'The Springboks are missing plenty of players too and are vulnerable. Let's have no excuses'
The Springboks are missing plenty of players too and are vulnerable. Let’s have no excuses. This is not a game for excuses.
There’s no doubt that the players are the catalyst in terms of getting the fans involved but I’d love to see the Aviva rocking on Saturday evening.
My own experience of South Africa as a country, a people and a rugby team dates back to 2004. I had just recovered from a shoulder injury sustained at the World Cup in Australia the previous year and despite only playing a few matches for Munster made the Irish touring party. Ireland had just won the Triple Crown and the previous year had been ranked number three in the world.
There was a certain expectation that we could go well in South Africa, although I’m not sure that deep down we believed that ourselves. At the time we had a decent playing pedigree and were left in little doubt that our hosts were taking us seriously.
I was slightly apprehensive because my shoulder was still a little tight and I was going to the last place in the rugby world that you wanted to be even one per cent compromised in terms of physicality. The excitement of going there comfortably overpowered any misgivings.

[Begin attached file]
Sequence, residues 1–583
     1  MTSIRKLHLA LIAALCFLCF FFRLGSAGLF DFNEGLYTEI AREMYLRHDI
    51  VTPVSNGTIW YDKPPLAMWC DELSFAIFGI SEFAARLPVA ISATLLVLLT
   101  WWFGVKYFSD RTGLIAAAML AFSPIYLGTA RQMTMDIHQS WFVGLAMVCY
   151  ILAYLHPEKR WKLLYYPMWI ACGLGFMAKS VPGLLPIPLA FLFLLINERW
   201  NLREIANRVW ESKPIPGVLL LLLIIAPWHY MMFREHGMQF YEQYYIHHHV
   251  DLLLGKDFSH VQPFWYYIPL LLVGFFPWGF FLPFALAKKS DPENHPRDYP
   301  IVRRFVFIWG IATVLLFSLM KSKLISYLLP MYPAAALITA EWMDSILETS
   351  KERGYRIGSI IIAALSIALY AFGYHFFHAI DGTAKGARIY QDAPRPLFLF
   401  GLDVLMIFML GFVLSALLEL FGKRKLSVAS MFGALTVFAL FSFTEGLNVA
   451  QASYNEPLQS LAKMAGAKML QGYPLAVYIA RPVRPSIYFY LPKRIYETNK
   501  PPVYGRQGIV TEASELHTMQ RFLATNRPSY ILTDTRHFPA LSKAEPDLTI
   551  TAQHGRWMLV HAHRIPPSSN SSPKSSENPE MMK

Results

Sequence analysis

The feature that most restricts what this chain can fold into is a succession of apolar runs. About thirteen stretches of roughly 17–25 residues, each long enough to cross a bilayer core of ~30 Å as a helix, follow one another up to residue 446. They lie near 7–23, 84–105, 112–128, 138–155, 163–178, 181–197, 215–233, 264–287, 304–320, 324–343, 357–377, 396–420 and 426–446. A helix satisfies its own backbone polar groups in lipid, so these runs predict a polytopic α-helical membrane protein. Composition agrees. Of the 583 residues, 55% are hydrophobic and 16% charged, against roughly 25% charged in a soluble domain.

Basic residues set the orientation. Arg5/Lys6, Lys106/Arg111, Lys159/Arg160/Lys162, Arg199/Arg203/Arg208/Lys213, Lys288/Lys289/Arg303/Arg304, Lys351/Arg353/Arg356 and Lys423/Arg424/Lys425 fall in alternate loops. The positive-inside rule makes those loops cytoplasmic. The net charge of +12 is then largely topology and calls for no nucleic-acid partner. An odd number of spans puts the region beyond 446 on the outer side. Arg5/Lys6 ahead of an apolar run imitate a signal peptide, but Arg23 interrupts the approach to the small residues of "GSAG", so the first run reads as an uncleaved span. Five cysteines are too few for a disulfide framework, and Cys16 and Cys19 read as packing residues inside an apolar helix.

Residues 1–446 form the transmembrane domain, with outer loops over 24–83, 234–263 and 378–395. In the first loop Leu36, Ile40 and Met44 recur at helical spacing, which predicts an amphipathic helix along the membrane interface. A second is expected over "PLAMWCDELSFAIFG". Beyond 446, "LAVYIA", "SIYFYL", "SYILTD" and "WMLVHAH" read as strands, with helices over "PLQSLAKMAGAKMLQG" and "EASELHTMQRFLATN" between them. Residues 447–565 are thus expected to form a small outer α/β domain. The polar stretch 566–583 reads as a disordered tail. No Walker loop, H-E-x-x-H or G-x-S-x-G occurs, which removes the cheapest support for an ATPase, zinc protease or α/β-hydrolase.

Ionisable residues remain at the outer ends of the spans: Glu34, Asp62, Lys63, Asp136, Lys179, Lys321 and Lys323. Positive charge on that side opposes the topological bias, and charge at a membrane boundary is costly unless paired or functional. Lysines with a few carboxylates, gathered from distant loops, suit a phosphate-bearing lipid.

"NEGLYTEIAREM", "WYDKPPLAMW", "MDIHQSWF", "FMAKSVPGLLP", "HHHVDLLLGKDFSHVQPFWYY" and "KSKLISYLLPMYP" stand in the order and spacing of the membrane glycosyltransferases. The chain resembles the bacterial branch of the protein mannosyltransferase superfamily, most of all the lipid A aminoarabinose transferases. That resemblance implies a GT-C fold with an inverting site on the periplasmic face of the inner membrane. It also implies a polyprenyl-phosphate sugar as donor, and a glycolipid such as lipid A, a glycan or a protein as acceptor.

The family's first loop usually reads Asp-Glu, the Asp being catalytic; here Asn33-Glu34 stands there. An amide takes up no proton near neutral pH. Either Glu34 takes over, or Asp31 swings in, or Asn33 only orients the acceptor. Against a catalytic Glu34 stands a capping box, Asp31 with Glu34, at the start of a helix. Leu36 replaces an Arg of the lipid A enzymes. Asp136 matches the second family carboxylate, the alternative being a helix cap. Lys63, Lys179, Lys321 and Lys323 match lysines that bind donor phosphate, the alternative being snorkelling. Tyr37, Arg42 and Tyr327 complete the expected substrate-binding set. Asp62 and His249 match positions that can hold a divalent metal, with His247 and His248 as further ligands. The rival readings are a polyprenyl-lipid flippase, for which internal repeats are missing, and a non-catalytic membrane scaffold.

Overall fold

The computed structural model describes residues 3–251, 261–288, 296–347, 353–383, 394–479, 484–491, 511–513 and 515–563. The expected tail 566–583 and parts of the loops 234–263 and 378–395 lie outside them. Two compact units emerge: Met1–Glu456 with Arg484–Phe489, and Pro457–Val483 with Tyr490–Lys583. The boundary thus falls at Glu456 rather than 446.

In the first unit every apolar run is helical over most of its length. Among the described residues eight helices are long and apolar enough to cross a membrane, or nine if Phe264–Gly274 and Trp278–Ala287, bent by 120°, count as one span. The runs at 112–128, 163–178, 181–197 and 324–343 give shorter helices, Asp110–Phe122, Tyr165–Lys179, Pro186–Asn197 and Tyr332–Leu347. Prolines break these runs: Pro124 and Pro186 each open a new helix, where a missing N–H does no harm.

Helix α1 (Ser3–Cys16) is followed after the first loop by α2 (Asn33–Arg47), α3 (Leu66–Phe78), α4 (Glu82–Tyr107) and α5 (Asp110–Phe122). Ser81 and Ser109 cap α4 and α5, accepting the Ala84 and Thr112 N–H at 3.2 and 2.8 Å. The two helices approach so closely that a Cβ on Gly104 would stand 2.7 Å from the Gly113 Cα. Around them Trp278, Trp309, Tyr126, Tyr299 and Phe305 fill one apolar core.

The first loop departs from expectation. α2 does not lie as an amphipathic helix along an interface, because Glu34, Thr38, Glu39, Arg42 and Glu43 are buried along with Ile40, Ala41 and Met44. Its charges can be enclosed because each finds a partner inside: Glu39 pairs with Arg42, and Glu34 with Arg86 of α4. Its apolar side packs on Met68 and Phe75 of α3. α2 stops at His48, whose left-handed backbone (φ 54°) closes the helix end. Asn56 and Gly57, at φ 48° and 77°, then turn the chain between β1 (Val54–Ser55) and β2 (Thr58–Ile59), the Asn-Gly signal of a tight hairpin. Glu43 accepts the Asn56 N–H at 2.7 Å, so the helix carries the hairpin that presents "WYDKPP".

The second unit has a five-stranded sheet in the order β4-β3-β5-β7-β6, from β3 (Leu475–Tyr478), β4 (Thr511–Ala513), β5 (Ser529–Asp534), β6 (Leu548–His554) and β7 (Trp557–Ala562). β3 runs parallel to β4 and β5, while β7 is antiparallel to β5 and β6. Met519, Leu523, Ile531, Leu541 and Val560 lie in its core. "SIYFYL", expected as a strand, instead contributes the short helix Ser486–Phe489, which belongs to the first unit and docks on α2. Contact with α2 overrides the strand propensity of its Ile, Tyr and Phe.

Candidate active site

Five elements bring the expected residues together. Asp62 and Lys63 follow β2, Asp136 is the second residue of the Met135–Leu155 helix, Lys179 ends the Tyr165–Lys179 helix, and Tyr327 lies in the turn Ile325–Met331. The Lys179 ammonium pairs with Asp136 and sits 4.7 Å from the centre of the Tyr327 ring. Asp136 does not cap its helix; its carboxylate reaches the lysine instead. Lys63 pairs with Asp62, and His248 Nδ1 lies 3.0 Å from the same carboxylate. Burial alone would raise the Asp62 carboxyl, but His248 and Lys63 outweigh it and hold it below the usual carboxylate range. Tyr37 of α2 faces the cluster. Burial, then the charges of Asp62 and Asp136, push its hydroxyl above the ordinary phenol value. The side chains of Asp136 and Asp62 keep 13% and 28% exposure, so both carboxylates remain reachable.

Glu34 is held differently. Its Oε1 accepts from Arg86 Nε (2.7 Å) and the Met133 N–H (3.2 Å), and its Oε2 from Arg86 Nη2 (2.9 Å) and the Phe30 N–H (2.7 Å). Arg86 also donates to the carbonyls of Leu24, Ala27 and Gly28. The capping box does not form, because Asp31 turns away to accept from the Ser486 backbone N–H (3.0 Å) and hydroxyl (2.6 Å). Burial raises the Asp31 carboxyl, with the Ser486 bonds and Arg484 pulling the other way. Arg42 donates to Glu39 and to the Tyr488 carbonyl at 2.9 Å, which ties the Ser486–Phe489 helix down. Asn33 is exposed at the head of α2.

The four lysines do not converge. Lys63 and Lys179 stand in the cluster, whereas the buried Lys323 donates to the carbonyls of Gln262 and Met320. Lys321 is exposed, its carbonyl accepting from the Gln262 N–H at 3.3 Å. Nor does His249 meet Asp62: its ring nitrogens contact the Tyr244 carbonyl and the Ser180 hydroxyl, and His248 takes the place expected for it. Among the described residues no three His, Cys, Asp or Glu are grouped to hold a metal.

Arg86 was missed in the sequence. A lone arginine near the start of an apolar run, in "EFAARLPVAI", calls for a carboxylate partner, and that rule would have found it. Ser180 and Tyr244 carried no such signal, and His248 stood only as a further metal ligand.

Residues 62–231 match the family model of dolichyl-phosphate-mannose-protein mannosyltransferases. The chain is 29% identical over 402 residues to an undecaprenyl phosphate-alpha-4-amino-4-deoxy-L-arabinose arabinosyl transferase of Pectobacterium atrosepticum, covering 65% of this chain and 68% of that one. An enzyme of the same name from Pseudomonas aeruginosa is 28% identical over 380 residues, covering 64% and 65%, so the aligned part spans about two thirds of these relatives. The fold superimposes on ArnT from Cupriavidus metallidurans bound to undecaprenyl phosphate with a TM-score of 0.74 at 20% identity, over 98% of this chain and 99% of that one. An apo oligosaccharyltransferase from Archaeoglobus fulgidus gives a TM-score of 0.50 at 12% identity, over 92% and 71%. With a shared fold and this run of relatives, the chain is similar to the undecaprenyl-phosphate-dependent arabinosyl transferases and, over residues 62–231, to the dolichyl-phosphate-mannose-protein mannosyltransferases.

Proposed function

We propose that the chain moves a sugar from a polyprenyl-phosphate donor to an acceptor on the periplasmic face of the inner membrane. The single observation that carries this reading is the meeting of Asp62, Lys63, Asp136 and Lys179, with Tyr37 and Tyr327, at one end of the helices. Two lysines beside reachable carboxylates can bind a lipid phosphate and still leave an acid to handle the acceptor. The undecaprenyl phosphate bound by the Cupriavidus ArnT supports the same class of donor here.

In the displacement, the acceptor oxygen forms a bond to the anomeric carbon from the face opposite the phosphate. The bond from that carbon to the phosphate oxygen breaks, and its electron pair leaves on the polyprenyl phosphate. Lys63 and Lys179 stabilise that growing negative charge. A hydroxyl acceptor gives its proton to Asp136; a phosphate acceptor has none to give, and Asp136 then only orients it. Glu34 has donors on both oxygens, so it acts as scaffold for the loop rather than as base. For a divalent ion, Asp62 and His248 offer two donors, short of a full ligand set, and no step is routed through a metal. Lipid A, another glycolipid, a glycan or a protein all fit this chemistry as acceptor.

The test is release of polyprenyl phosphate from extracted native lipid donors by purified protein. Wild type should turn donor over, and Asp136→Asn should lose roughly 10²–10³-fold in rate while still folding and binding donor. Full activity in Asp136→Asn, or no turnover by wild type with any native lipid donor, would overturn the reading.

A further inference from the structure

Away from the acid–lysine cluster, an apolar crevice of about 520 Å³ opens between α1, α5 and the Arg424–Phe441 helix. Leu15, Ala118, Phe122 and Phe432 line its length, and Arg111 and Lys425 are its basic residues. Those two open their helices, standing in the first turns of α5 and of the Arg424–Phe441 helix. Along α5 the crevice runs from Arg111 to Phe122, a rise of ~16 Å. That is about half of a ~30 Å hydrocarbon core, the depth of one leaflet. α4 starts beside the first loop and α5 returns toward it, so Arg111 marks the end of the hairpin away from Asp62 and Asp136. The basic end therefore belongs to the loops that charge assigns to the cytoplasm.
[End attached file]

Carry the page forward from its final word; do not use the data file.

We spent a few days in Cape Town before going up to Bloemfontein where we played the first Test. The most striking thing was the security issues.
There were guards at our hotel. We weren’t allowed to walk down the street after dark. We were cocooned which made the whole experience slightly surreal as we were used to going for a stroll or grabbing a cup of coffee down the town; things you took for granted.
The level of hostility on the way to the match from the local supporters was intimidating. They made cut-throat signs, shook and pelted the bus. I was convinced that there was going to be a riot and that we’d require rescuing. An image that sprung to mind was the “Welcome to Hell” banners that greeted Man United when they went to play Galatasaray.
I was on the bench and remember warming up behind the goalposts with Marcus Horan and being bombarded with fruit. To this day I don’t know what possessed me to pick up an orange and try to take the head off a guy who had thrown it at me. The look of horror on Marcus’s face said it all. It wasn’t my brightest idea. They enjoyed intimidating the Paddies.
We were beaten 37-11, having been level at half-time. The following week in Cape Town was a much calmer environment. Still on the 10-minute walk from the hotel to the gym I was struck by how security was a massive issue in day to day lives: the houses with their huge walls, razor wire, security gates and Alsatians.